Inside Berghain’s New Book ‘Kunst Im Klub’

Chris Dercon is a Belgian art historian and curator. After serving as director of Munich’s Haus der Kunst from 2003 to 2011, he was appointed director of London’s Tate Modern, where he diversified the museum’s offerings with interdisciplinary programming. In 2017, he will take over as the general director of Berlin’s Volksbühne theater.
Berghain_ElectronicBeats_WOLFGANG-TILLMANS-Mundhöhle

Until fairly recently, the issue of sexuality and space, in which theories of sexuality are reread in architectural terms and architecture is reread in sexual terms, was a glaring absence in architectural theory. The symposium and publication Sexuality and Space organized by Beatriz Colomina at the Princeton University School of Architecture in the early ’90s was one of the first initiatives to correct this omission. Soon after, Stud: Architectures of Masculinity, edited by Joel Sanders for the Princeton Architectural Press in 1996, focused on the role of architecture in the formation of queerness and the architectonics of gay male sexuality. In his introduction, Sanders writes: “Architecture and masculinity, two apparently unrelated discursive practices, are seen to operate reciprocally.”

Undeniably, the essays, images and graphic design of the recent book Berghain | Kunst im Klub call our attention to the structure of a homoerotic look transacted through space. The architecture of queer visibility, which this book covers in detail, troubles the heterosexist perspective by overturning the social rules forbidding male spectacle within public space. Indeed, there are no better “introductions” than Sexuality and Space and especially Stud: Architectures of Masculinity to understand the sexual implications of the architecture and art of Berghain. Berghain | Kunst im Klub, designed by Yusuf Etiman and conceptualized by Kathrin Hain, tells us as much.

Berghain_ElectronicBeats_marcbrandenburg-fotozsu
Marc Brandenburg, Kiosk, 2014. © Zsu Szabo, the artist. Brandenburg, now a successful artist, used to work the Berghain bar. During last year’s 10 exhibit, he created sheets of Berghain themed temporary tattoos, which were sold out of a kiosk.

The book’s cover is entirely devoid of text, with only the spine featuring the title—a smart and courageous gesture by the publisher Hatje Cantz. All we get is the club’s logo superimposed on an image of one of the club’s raw industrial walls. It functions as a bio-political self-representation of the clubbers, the heavy beats and yes, in contrast to what many say and think, the open atmosphere of Berghain. Or as Berghain regular and photographer Wolfgang Tillmans put it: “The atmosphere in a (good) club is like art is supposed to be: it’s totally open and doesn’t tell you what to think.” Had I therefore also seen on and in Etiman’s cover an abstract rendering of the male anus in Wolfgang Tillmans’ Phillip, close-up III from 1996, which once adorned the Panorama Bar, and which is reproduced in full glory twice in the book?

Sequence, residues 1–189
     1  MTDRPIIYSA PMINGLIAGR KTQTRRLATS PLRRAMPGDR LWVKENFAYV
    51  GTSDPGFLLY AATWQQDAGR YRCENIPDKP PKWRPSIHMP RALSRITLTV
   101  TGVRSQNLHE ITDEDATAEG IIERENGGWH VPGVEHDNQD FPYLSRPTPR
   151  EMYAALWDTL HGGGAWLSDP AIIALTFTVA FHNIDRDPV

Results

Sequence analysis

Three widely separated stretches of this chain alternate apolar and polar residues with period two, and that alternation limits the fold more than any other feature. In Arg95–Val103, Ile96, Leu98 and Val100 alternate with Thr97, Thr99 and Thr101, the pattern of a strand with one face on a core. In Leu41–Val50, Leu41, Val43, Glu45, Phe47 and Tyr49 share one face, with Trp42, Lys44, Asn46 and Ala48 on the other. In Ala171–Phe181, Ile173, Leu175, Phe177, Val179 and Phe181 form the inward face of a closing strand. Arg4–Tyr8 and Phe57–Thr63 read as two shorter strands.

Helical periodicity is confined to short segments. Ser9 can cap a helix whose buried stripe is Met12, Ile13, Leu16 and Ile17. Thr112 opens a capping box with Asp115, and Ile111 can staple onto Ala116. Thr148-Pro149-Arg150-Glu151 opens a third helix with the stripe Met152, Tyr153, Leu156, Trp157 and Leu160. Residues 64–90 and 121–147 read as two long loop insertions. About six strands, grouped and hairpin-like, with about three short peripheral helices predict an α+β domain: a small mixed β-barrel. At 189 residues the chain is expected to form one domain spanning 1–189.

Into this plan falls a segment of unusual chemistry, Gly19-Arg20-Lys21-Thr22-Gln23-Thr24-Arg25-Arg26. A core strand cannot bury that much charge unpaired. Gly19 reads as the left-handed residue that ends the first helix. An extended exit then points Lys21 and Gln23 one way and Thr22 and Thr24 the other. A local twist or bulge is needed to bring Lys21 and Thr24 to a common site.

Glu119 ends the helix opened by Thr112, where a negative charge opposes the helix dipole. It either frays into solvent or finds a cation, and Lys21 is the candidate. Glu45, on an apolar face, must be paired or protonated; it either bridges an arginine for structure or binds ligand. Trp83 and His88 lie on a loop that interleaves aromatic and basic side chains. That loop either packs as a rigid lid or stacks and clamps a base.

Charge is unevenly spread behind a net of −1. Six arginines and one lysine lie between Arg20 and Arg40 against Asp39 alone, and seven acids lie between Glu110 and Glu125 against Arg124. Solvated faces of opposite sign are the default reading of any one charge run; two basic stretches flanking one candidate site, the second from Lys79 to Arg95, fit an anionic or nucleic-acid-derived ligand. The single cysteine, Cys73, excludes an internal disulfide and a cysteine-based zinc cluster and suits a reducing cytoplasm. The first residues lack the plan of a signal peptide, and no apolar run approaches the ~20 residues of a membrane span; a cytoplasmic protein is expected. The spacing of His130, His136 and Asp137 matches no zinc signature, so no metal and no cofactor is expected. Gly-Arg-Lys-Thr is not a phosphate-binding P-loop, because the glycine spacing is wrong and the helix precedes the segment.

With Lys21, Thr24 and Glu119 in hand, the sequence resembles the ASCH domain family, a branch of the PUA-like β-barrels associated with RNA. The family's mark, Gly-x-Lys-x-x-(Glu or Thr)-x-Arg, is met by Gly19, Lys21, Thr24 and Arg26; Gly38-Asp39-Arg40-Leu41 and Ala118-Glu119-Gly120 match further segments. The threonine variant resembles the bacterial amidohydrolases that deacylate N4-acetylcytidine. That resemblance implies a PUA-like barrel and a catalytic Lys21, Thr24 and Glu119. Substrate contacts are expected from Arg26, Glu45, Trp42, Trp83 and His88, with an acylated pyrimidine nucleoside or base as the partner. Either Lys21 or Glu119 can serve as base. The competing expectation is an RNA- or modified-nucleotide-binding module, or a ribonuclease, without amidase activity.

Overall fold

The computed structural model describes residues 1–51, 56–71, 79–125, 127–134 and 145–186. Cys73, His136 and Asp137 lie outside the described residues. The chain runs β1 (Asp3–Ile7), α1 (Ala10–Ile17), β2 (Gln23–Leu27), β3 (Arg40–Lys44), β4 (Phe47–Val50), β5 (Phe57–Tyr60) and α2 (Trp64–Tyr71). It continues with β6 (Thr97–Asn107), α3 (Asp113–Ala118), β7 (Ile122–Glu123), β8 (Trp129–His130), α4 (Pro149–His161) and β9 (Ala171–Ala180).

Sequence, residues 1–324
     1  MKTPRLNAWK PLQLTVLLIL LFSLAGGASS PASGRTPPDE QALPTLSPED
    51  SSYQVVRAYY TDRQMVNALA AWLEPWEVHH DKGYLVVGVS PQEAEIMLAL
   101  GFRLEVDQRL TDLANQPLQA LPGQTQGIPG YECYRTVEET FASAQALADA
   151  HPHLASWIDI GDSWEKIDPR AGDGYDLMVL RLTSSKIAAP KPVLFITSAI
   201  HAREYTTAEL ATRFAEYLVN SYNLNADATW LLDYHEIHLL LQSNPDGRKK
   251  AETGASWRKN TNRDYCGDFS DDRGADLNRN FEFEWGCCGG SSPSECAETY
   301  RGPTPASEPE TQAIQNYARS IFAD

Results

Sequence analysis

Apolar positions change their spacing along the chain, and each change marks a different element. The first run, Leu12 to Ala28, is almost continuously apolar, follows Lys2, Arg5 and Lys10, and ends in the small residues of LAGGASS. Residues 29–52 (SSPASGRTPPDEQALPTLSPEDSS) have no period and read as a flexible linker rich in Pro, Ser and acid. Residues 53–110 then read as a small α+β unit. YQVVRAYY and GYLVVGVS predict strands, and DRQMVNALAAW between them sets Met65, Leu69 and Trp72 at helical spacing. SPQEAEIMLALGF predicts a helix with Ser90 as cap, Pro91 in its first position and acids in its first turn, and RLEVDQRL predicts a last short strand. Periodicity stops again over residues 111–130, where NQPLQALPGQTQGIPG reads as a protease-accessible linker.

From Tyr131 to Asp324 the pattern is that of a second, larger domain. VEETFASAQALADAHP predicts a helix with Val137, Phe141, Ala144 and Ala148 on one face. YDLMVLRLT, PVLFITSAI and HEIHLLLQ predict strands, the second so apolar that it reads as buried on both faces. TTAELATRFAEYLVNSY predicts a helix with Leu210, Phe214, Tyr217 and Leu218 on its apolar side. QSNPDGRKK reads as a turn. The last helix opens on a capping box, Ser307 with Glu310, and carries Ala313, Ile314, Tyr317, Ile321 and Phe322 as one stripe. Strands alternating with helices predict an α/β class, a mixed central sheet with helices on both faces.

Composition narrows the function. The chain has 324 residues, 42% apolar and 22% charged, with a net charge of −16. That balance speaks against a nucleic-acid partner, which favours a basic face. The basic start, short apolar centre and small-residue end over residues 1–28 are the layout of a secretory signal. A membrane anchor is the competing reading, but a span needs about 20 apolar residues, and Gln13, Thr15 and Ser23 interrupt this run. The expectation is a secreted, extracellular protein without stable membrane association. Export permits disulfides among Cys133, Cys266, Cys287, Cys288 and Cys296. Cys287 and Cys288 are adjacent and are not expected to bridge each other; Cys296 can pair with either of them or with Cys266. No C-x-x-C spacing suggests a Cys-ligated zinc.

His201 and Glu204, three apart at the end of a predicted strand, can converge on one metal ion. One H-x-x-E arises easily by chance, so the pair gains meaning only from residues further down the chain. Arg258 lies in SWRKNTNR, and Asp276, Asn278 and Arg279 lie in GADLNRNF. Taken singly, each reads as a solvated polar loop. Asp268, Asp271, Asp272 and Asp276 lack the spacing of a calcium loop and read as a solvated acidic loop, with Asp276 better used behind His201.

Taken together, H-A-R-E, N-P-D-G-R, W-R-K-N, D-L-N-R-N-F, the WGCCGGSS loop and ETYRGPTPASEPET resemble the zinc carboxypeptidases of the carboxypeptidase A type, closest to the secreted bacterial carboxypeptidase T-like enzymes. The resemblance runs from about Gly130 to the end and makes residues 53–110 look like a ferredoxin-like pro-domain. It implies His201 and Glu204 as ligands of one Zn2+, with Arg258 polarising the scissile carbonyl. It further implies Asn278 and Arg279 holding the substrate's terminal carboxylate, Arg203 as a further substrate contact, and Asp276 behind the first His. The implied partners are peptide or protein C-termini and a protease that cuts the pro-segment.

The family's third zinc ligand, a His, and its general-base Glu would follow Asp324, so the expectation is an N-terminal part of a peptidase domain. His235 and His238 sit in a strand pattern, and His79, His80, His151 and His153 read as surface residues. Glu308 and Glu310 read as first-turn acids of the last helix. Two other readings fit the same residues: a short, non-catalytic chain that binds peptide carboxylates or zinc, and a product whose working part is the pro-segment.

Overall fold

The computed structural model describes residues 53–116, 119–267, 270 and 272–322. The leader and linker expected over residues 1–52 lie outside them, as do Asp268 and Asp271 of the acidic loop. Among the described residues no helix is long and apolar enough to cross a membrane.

This and the other plates of Tillmans are a perfect introduction to the rest of the book. The interview with Tillmans is intelligent and enlightening, as are most of the other carefully edited interviews. Tillmans ends his interview: “I find the most interesting visual medium at Berghain to be the flyers.” These exquisite flyers are placed at the very end of the book, and I have to admit, they are often more memorable than most of the art, which the book generously and thoroughly documents. That said, there is a fascinating common theme in almost all the contributions featured in Berghain | Kunst im Klub, gleamed not only from reading between the lines. All contributors appear to show and tell of fractals and fractality, fluids and fluidity, darkness and lightness. It makes sense when seeing photographs documenting the art, as for once all the lights are on! Suddenly we see the borders of borderless Berghain. Even photographer and legendary doorman Sven Marquardt discusses the importance of daylight.

Berghain attendees in 2014 may have noticed a set of blue barrels in the corners of the club’s bathrooms with signs on them asking people to pee inside. Artist  Sarah Schönfeld used the urine for her 2014 light and glass installation, Hero’s Journey (Lamp), shown at the club’s 10 exhibition. © Zsu Szabo, the artist.
Berghain attendees in 2014 may have noticed a set of blue barrels in the corners of the club’s bathrooms with signs on them asking people to pee inside. Artist Sarah Schönfeld used the urine for her 2014 light and glass installation, Hero’s Journey (Lamp), shown at the club’s 10 exhibition. © Zsu Szabo, the artist.

As far as fluids are concerned, Sarah Schönfeld’s Hero’s Journey (Lamp) from 2014, an illuminated glass case filled with a thousand liters of urine she collected and preserved in the club’s toilets, is one of the most poignant works on view. The urine shines like the gold in a Byzantine church. It is an image of salvation. Elsewhere he pigeon droppings and dust particles that appear as fractals in the photographs of Friederike von Rauch create the same kind of “otherness”. As argued in the scholarly publications mentioned above, it reminds us that there is no such thing as queer space; there are only spaces used by queers or put to queer use. This book explains exactly that. And it does it so well.

This article originally appeared in the Fall 2015 issue of Electronic Beats Magazine. Click here to read more from the magazine. All images appear in Berghain | Kunst im Klub / Art in the Club, published in 2015 by Hatje Cantz. Cover photo: Wolfgang Tillmans, Mundhöhle, 2012. © Wolfgang Tillmans. The work, which translates into English as “oral cavity”, hangs at the Panorama Bar.

{{decodeTitle(currentVideoPost.title)}}

up nextStarts in {{remainingTime()}}
{{currentTime()}}